More progress on the protection of animals.
The circus is a great form of family entertainment. There are jugglers, clowns, acrobats, tightrope walkers and... performing animals. Butshould animals be in circuses? Some say no.
Animals have traditionally appeared in circuses. In ancient Rome, there were horse and chariot races and re-enactments of battles that involved hundredsof horses and even elephants – not to mention the notorious fights between defenceless Christians and hungry lions. These days, many circus acts include lions, seals, tigers and elephants. But somefeel that this should stop.
Animal rights organisations are firmly against the use of animals in circuses. They argue that animals do not naturally ride bicycles, stand on their heads, balance onballs, or jump through rings of fire. And when they do, it’s after months of training with whips, sticks and even electric prods. Circus animals must also live in filthy, poorly-ventilated boxcars forhours on end – sometimes for as long as 100 hours when the circus travels. “It’s as if you were asked to spend the rest of your life living in your bathroom,” a spokesperson for PETA said.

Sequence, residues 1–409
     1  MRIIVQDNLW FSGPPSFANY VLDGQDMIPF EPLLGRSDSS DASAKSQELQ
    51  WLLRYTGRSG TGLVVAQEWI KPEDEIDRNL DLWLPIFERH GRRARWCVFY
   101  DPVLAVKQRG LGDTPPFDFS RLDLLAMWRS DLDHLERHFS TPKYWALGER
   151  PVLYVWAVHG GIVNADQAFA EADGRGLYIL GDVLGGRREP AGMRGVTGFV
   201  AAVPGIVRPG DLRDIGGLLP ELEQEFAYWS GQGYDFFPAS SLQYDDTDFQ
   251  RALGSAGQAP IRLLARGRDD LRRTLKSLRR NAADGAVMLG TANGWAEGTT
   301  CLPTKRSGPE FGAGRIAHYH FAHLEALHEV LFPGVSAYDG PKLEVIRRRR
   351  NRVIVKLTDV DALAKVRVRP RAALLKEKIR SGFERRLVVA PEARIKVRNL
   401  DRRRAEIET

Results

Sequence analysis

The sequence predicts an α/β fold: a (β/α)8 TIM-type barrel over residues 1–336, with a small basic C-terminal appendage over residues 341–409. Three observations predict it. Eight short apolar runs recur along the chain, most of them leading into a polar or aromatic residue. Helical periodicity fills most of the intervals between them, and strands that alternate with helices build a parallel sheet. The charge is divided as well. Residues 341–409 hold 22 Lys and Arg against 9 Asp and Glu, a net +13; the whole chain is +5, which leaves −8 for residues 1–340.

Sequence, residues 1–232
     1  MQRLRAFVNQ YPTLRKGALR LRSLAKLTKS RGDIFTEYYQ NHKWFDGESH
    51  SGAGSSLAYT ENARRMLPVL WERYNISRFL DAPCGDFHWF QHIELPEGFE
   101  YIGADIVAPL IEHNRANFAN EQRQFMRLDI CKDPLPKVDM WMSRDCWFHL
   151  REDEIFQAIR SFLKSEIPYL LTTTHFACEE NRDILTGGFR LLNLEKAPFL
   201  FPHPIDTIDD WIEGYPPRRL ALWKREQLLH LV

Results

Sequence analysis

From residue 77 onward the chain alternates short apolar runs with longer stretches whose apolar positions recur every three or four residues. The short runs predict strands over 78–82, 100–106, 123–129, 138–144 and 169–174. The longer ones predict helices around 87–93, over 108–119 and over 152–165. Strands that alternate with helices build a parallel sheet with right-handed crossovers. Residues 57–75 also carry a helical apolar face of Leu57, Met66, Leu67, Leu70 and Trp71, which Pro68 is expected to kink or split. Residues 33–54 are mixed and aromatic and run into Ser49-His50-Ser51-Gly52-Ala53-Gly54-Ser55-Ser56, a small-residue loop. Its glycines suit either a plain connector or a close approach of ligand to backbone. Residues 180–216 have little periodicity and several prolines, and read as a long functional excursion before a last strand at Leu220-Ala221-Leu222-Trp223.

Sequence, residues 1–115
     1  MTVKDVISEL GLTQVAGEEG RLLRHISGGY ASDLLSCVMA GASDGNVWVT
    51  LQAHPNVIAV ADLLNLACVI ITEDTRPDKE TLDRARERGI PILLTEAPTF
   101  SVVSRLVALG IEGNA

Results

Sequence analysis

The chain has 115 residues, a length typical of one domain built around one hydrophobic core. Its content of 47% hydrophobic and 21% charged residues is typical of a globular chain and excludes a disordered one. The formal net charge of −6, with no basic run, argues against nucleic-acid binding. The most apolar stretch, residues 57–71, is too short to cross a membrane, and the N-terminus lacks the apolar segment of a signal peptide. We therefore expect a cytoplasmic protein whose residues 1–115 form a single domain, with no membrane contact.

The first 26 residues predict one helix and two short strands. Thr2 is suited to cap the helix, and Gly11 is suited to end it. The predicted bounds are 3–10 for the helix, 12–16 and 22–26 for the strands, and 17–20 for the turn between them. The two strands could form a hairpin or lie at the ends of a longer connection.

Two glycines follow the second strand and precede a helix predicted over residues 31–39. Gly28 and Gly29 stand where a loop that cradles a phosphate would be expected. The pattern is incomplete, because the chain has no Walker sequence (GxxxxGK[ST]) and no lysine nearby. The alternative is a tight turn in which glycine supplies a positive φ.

Manycountries have banned or restricted the use of animals in entertainment. These include Sweden, Austria, Costa Rica, India, Finland and Singapore. And now Bolivia has joined the list. The new law in Boliviadefines the use of animals in circuses as an act of cruelty. The law was proposed after an undercover investigation. The London-based group Animal Defenders International (ADI), in collaboration witha local Bolivian group, filmed mistreatment of animals by poorly-paid and badly-trained staff. “If they wanted an animal to move, their immediate reaction was to kick, punch or push it,” a spokesmanfor the organisation said. Circus operators have one year from the bill’s passage on 1st July 2009 to comply. “At present, there are about 50 animals in national and international circuses in...